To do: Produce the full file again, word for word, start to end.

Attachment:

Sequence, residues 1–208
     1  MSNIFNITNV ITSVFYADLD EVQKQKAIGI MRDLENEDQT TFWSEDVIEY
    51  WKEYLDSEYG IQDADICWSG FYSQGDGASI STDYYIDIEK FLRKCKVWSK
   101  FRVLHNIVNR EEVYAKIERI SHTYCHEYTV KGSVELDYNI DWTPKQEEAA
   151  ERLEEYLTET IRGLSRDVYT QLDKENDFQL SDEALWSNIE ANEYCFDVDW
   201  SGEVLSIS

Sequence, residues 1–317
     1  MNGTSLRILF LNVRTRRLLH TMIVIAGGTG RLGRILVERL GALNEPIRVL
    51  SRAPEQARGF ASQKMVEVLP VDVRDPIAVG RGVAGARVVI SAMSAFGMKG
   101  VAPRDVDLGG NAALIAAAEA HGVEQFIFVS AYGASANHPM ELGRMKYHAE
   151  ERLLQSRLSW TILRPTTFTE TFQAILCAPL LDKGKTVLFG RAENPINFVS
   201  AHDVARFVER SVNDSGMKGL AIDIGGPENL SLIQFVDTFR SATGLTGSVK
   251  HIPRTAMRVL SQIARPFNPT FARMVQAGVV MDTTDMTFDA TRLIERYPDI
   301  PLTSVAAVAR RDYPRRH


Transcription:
Sequence, residues 1–208
     1  MSNIFNITNV ITSVFYADLD EVQKQKAIGI MRDLENEDQT TFWSEDVIEY
    51  WKEYLDSEYG IQDADICWSG FYSQGDGASI STDYYIDIEK FLRKCKVWSK
   101  FRVLHNIVNR EEVYAKIERI SHTYCHEYTV KGSVELDYNI DWTPKQEEAA
   151  ERLEEYLTET IRGLSRDVYT QLDKENDFQL SDEALWSNIE ANEYCFDVDW
   201  SGEVLSIS

Sequence, residues 1–317
     1  MNGTSLRILF LNVRTRRLLH TMIVIAGGTG RLGRILVERL GALNEPIRVL
    51  SRAPEQARGF ASQKMVEVLP VDVRDPIAVG RGVAGARVVI SAMSAFGMKG
   101  VAPRDVDLGG NAALIAAAEA HGVEQFIFVS AYGASANHPM ELGRMKYHAE
   151  ERLLQSRLSW TILRPTTFTE TFQAILCAPL LDKGKTVLFG RAENPINFVS
   201  AHDVARFVER SVNDSGMKGL AIDIGGPENL SLIQFVDTFR SATGLTGSVK
   251  HIPRTAMRVL SQIARPFNPT FARMVQAGVV MDTTDMTFDA TRLIERYPDI
   301  PLTSVAAVAR RDYPRRH